Would you like a Nuclear Plant in your Backyard?

Posted: March 19, 2011 by Zeddington in Energy
Tags: , , , ,

The terrible and tragic earthquake and subsequent tsunami that rocked Japan on Friday the 11th of March immediately shut down eleven of Japan’s nuclear reactors. The latest news from Japan on that is that six of the nuclear plants appear to be stabilizing, following efforts from engineers and firefighters to cool the reactors. Despite progress, however, it appears that this nuclear crisis is far from over.

The issue has sparked a new round of nuclear of protests and reinvigorated the debate as to whether we should rely on nuclear power at all, and the focus is on safety. After the disaster, protests have been taking place around the world, including France, Germany, Italy, and elsewhere. Even in the United States, where there are 104 operating nuclear reactors (many of which are almost as old as the Japanese reactors that failed). Vermont’s Senate has recently voted to close their Yankee nuclear plant, an unusual move in itself, but one that recognizes the inherent dangers of old nuclear plants.

Meanwhile, on the other side of the world, Abu Dhabi is building one of the largest nuclear power plants in the world. The UAE, a tiny, oil-rich country, feels that this $20bn project is essential for their long-term development. While the last link clearly details some legitimate reasons for UAE to desire more sources of energy, why must it be nuclear? For a country that has a more-than-reasonable amount of open desert, and a lot of sunshine, why isn’t solar energy being more seriously considered as a source of energy? How do other Arab countries feel about having a brand new nuclear power plant in their backyard?

It’s worth remembering that assurances about safety are always made. No nuclear power plant has ever been built without the owners assuring the public that the plant is 100% safe. And yet we’ve seen accidents before. And having a nuclear meltdown is not like falling off your bike. It’s much, much more serious. From an excellent article on Al Jazeera English:

 

At least 99 nuclear accidents meeting this definition, totaling more than $20.5 billion in damages, occurred worldwide from 1952 to 2009 – or more than one incident and $330 million in damage every year, on average, for the past three decades. And, of course, this average does not include the Fukushima catastrophe.

Indeed, when compared to other energy sources, nuclear power ranks higher than oil, coal, and natural gas systems in terms of fatalities, second only to hydroelectric dams. There have been 57 accidents since the Chernobyl disaster in 1986. While only a few involved fatalities, those that did collectively killed more people than have died in commercial US airline accidents since 1982.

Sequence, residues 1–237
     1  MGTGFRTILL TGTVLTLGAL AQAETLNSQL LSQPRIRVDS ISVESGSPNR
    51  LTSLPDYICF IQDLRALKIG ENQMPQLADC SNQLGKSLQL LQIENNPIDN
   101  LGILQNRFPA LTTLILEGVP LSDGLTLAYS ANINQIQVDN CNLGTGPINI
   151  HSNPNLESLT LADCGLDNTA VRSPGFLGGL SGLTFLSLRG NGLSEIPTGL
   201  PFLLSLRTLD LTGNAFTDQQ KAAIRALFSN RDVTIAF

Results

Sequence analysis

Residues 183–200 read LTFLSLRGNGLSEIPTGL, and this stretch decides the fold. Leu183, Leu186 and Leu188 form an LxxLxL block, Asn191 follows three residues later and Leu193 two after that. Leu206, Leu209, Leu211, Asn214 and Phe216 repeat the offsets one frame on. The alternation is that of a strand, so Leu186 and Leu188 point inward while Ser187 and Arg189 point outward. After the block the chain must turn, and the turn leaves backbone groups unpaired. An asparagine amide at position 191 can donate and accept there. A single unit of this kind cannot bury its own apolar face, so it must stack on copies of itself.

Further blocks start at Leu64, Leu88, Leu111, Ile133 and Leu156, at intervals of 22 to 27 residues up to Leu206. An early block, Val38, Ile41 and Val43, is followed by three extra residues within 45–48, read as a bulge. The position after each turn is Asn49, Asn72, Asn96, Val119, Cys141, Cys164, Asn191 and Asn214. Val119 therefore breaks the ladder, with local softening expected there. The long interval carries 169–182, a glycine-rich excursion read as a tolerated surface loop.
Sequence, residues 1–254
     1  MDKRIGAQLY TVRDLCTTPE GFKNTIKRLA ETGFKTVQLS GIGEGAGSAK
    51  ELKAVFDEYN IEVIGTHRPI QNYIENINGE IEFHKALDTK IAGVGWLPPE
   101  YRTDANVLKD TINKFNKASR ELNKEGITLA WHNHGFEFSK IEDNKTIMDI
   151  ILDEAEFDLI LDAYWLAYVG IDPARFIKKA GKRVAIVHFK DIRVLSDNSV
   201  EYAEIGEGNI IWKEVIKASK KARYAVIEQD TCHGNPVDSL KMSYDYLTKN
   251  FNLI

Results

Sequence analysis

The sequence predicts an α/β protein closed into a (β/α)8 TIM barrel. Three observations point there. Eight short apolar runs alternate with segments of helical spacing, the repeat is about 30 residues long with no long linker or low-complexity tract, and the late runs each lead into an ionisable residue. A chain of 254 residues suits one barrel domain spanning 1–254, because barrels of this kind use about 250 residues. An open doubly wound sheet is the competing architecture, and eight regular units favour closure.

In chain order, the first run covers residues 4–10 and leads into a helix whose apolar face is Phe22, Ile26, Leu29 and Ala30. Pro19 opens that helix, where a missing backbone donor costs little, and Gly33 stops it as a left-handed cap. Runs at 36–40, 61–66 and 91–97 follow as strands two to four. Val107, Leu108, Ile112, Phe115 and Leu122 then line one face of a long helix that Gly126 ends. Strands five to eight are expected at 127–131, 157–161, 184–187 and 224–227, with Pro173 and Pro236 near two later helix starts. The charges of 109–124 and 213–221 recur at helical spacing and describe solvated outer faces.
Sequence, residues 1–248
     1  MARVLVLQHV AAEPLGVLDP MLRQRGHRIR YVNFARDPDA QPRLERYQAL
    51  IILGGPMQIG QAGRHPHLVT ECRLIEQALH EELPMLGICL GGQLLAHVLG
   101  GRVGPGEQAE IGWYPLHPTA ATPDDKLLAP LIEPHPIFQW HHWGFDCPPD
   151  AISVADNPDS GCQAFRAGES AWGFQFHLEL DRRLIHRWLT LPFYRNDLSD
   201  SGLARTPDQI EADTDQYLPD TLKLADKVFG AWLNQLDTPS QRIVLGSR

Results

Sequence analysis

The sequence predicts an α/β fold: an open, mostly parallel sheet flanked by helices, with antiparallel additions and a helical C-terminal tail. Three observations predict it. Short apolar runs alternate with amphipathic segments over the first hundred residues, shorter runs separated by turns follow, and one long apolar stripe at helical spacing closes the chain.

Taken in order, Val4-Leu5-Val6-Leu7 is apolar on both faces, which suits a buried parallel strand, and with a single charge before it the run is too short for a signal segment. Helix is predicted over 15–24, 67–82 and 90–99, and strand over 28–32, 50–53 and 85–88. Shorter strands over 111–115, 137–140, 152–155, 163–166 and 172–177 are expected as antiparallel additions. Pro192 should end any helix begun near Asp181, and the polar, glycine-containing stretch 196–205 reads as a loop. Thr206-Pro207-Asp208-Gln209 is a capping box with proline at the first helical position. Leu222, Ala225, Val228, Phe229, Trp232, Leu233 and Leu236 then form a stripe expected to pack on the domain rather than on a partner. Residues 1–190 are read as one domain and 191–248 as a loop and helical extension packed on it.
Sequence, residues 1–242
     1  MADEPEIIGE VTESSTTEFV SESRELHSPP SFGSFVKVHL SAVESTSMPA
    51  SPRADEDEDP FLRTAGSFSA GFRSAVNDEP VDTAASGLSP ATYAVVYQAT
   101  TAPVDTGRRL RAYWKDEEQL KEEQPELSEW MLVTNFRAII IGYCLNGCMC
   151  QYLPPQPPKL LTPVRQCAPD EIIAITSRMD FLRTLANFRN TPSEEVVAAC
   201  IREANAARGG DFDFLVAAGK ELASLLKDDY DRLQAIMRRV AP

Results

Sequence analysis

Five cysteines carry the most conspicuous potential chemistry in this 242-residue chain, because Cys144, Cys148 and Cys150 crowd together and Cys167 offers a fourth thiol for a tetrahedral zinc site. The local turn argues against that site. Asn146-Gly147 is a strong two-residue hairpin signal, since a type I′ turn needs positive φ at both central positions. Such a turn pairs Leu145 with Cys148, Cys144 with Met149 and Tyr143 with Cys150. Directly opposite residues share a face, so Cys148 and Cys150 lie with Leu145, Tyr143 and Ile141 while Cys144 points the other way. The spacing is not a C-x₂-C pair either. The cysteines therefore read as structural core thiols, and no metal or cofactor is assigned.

Another index of nuclear-power accidents – this one including costs beyond death and property damage, such as injured or irradiated workers and malfunctions that did not result in shutdowns or leaks – documented 956 incidents from 1942 to 2007. And yet another documented more than 30,000 mishaps at US nuclear-power plants alone, many with the potential to have caused serious meltdowns, between the 1979 accident at Three Mile Island in Pennsylvania and 2009.

 

In this day and age, when technologies for the production of safe and clean energy exist, is there any justification for persisting with dangerous sources of energy, like nuclear? Is it worth the risk?

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Comments
  1. Clean energy exists but I don’t think it can replace completely the amount provided by oil and gas
    I am Italian and I voted against, at the recent referendum, not because I do not trust completely nuclear, but because I don’t trust my government They would give the contract to whomever may bribe them regardless of safety Russia and france will be perfect candidates for our current leadership
    UAE made the right move giving the contract to korea if i am not mistaken, because that way they are out of pressure
    In the end also nuclear becomes a powerful tool

  2. Zeddington says:

    Thanks for commenting. I followed the Italian referendum quite closely, and was surprised by the turnout – from what I know, turnout in Italy for these kinds of these usually aren’t that high. I was also happy to see the vote against water privatization, something I’ll write about some time soon.

    Clean energy technologies are still developing, but the potential is there. I noticed on your blog you are passionate about Oman. There is a report by the Authority of Electricity Regulation written in 2008 that states that all of Oman’s energy needs could be met by solar energy alone, and that the capacity and capability is there. I am sure the UAE would have a similar situation, even if it is smaller and has higher energy needs.

    The worry about nuclear energy is that if/when something goes wrong, it becomes a major disaster. After the Fukushima meltdown, there were traces of radiation in rain drops as far away as New York City and beyond. That’s all the way across the world!

    • yes the first quorum reached after 16 years πŸ˜› In a way, it was against Berlusconi , because it was against laws on which he had worked
      I wanted to vote against water privatization because I thought it was like that, but then I did the opposite cause in reality it was to set up public bids, no more no less
      Infrastructures are old and public administrations do not have money, so if one must speculate on that, let’s give it to private
      Waiting for your post

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